Andrew Bird, Break it Yourself
Over the past several albums, Bird has gone from being a solo artist with a cast of sidemen to the leader of a bona fide band. That new vibe fuels Break it Yourself, a remarkably accomplished album from a talented artist so deep in his career. The merging of multiple genres is still evident throughout, but there’s also a looser vibe to many of the songs, with jazzy shuffles and nods to pop styles of decades past (the ‘50s and ‘60s specifically). The loose-limbed playing gives Bird’s stories and observations a decidedly fresh vibe compared to the more-stately and formal classical-influence he sported on earlier albums. Even as the material takes on darker shades near the end, Bird and his cohorts’ sharp playing keeps it lively.
Bruce Springsteen, Wrecking Ball
The Boss still moves well for someone on the verge of cashing in his Social Security checks, and his latest continues the energetic, late-career ride he’s been on since the turn of the century. Here, Springsteen uses the current economic and social turmoil to fantastic effect, hearkening back to the late ‘70s/early ‘80s “glory days”. Sonically, Wrecking Ball is the most accomplished of his recent albums, finally finding a merging point between the glorious pomp of the E Street Band and the folk music of more recent albums. Still, the passing of the years is felt throughout the album, such as on the studio version of “Land of Hope and Dreams,” when Clarence Clemons unleashes his final E Street sax solo, reminding us of what is now gone.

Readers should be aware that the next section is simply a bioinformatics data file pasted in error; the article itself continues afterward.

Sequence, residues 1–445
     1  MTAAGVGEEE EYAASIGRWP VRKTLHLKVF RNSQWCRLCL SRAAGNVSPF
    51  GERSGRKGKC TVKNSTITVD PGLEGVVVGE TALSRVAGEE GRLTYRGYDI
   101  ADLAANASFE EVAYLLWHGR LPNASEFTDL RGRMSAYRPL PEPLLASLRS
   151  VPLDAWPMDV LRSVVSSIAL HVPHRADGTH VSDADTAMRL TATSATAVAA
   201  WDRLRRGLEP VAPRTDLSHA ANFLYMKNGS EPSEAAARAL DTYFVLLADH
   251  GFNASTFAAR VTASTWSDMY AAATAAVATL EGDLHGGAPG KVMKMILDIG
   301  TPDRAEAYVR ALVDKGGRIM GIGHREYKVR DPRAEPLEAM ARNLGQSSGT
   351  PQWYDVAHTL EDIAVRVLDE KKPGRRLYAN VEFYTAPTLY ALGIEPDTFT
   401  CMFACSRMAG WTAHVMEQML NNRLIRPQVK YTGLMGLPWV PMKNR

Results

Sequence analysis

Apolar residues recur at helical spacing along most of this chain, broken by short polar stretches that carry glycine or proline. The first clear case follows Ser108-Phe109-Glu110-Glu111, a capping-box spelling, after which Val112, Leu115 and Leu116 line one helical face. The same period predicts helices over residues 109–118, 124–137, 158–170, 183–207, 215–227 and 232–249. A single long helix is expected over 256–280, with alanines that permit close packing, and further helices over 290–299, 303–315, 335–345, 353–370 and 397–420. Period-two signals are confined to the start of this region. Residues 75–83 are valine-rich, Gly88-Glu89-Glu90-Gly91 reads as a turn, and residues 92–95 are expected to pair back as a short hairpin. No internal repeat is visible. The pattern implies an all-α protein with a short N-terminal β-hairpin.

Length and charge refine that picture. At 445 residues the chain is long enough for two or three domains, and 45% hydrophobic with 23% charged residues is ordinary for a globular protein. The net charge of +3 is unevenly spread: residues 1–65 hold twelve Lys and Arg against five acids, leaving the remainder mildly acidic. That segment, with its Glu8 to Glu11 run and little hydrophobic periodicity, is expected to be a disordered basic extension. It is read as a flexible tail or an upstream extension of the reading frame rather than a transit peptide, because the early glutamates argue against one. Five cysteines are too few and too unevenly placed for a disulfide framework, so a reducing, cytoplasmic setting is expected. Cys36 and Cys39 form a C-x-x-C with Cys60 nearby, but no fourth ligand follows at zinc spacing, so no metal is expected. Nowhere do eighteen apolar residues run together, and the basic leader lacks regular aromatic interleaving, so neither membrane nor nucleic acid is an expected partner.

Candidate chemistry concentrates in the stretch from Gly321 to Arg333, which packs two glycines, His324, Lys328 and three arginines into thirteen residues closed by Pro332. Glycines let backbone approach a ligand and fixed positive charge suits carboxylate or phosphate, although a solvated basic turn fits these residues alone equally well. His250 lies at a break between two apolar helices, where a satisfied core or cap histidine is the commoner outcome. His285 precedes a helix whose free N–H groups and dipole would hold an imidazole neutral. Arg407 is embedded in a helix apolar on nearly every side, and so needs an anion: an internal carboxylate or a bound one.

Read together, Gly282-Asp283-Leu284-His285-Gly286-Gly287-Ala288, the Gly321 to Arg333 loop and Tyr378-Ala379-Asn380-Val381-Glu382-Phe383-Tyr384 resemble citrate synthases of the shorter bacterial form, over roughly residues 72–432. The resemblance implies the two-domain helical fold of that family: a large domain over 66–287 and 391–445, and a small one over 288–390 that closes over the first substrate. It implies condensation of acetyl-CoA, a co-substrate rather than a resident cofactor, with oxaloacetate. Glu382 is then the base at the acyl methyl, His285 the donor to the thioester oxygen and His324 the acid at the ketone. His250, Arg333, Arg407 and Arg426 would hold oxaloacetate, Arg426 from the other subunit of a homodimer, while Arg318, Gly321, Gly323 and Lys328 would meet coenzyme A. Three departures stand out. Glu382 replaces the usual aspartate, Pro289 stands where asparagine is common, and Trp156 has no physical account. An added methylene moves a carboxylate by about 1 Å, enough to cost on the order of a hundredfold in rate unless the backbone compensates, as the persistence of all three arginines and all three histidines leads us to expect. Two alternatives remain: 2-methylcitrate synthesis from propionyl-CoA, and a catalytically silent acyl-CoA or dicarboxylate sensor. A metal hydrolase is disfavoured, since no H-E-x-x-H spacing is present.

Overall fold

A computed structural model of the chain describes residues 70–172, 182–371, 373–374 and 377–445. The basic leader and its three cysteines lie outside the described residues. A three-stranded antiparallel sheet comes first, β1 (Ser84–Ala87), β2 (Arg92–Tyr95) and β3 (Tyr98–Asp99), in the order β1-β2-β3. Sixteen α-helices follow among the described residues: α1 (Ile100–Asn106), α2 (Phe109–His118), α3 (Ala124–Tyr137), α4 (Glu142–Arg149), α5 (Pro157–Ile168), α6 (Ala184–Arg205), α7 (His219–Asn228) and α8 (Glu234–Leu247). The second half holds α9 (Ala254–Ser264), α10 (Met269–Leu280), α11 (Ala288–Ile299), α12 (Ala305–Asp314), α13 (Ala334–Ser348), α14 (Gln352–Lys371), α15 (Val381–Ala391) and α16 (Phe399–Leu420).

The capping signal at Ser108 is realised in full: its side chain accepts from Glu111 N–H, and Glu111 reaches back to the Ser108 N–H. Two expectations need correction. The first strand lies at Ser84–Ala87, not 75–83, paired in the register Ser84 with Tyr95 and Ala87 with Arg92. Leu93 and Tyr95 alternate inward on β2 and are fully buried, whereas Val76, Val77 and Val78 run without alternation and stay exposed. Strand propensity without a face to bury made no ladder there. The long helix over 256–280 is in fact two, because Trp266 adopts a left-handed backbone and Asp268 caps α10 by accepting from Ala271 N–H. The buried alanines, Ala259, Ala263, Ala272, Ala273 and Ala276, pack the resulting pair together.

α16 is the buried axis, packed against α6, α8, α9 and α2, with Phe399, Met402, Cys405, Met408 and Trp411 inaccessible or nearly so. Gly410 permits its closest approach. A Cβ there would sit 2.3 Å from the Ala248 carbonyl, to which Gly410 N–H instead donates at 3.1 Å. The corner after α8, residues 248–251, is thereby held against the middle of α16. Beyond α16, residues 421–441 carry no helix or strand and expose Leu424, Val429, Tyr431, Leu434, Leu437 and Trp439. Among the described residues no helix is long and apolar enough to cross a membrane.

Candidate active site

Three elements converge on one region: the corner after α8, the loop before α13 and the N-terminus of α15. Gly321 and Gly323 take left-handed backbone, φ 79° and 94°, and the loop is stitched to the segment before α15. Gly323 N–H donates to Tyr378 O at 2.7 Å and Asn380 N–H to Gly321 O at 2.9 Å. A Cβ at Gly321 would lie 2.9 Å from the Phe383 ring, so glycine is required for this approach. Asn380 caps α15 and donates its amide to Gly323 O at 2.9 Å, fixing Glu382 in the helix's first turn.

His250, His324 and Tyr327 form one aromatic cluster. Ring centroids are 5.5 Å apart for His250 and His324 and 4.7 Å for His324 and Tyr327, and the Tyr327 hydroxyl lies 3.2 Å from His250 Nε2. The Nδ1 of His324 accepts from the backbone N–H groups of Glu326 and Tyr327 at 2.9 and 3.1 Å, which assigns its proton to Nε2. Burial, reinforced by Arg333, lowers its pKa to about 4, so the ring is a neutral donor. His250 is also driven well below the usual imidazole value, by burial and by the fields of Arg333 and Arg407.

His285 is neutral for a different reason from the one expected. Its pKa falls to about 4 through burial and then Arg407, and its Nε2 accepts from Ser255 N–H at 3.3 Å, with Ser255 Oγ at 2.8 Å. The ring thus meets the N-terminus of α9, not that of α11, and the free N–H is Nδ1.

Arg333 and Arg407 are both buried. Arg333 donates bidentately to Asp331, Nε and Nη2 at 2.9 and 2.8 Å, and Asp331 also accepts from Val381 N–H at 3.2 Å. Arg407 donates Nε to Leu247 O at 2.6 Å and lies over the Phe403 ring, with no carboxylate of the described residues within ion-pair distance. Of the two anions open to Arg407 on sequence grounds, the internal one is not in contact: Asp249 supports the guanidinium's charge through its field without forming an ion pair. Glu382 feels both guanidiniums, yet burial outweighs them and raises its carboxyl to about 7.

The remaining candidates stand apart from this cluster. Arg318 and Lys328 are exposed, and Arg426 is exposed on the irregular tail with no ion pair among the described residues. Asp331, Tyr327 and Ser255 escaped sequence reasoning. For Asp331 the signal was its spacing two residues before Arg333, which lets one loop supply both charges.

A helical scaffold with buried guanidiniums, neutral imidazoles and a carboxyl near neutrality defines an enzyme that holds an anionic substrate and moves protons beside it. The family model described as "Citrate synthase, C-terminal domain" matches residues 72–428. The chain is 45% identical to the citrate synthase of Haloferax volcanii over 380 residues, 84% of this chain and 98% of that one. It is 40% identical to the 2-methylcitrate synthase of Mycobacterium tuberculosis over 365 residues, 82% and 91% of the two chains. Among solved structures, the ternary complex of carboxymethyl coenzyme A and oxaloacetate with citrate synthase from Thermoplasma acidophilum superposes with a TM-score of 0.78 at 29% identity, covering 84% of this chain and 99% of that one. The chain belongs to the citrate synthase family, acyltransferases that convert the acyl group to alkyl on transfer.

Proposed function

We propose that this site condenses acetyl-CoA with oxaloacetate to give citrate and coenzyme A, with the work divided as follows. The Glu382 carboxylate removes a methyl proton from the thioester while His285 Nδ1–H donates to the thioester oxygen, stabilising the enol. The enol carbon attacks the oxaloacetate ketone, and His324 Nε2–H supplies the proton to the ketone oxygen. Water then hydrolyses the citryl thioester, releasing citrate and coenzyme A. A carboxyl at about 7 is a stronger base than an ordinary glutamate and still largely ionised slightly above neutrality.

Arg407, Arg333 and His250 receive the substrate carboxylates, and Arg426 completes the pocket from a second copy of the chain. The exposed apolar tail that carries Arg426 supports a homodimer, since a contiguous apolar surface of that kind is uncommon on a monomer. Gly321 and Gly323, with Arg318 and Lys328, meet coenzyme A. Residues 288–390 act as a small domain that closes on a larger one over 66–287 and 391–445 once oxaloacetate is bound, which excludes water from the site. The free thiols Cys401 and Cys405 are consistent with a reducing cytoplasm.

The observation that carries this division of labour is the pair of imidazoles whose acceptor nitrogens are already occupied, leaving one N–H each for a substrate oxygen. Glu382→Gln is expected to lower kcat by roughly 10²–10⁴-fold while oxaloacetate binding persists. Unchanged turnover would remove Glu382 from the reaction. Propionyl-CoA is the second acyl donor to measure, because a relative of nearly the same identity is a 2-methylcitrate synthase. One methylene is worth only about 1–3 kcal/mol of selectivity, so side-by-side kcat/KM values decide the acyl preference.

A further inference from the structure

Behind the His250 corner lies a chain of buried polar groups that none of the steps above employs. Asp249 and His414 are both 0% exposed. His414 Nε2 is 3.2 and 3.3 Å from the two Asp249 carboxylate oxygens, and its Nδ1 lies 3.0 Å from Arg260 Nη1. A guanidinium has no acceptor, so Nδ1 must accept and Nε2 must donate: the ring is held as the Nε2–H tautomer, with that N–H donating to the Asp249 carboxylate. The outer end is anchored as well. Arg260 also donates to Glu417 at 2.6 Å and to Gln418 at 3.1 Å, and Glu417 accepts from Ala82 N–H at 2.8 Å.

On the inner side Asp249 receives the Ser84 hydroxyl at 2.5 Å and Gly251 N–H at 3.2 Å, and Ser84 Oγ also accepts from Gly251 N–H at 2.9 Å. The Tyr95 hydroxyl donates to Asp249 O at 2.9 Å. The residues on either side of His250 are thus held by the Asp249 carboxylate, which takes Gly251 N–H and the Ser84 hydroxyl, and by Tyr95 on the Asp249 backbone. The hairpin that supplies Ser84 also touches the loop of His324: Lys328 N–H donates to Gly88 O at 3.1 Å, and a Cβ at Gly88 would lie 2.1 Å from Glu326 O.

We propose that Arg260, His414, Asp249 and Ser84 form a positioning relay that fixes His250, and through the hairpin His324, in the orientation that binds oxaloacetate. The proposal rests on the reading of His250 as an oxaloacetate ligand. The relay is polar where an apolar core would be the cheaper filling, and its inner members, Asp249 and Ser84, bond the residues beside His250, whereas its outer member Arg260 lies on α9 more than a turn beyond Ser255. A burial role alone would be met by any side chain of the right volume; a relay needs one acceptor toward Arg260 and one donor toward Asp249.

Magnetic Fields, Love at the Bottom of the Sea
Stephin Merritt and company return to Merge Records (the home of their breakout 69 Love Songs) with a short release full of the off-kilter humor and oddly engaging tunes that have marked the band from the beginning. That’s clear from the opening “God Wants Us to Wait,” and runs through the opening songs (“Andrew in Drag” and “Your Girlfriend’s Face”), while all the way keeping their collective tongues in cheek (well, I hope so, since the last is about hiring a hit man to kill a rival after beating his girlfriend). The songs are brief (all under 3 minutes) and while I appreciate tight narratives, a number of these feel as underdeveloped as the back half of a Guided by Voices album. A bit more would go a long way.
The Men, Open Your Heart
On album closer “Ex-Dreams,” this New York-based group brings back the raw specter of 1980s-era Sonic Youth, blazing a blistering path of feedback and too-cool-for-school vocals. It’s not that the band apes the music of the past, but it infuses every note and pose with that sense of danger and adventure that is often lost by bands trying to ape a particular moment in history instead of understanding the full continuum of rock music. You can hear nods to moments past (the Stiff Little Fingers riff that opens the album), but all of this – from raging, distortion-laded noise (the epic “Oscillation” for example) to slightly softer territory (“Country Song”) – comes with such passion that the whole album is immediate, fresh, and invigorating.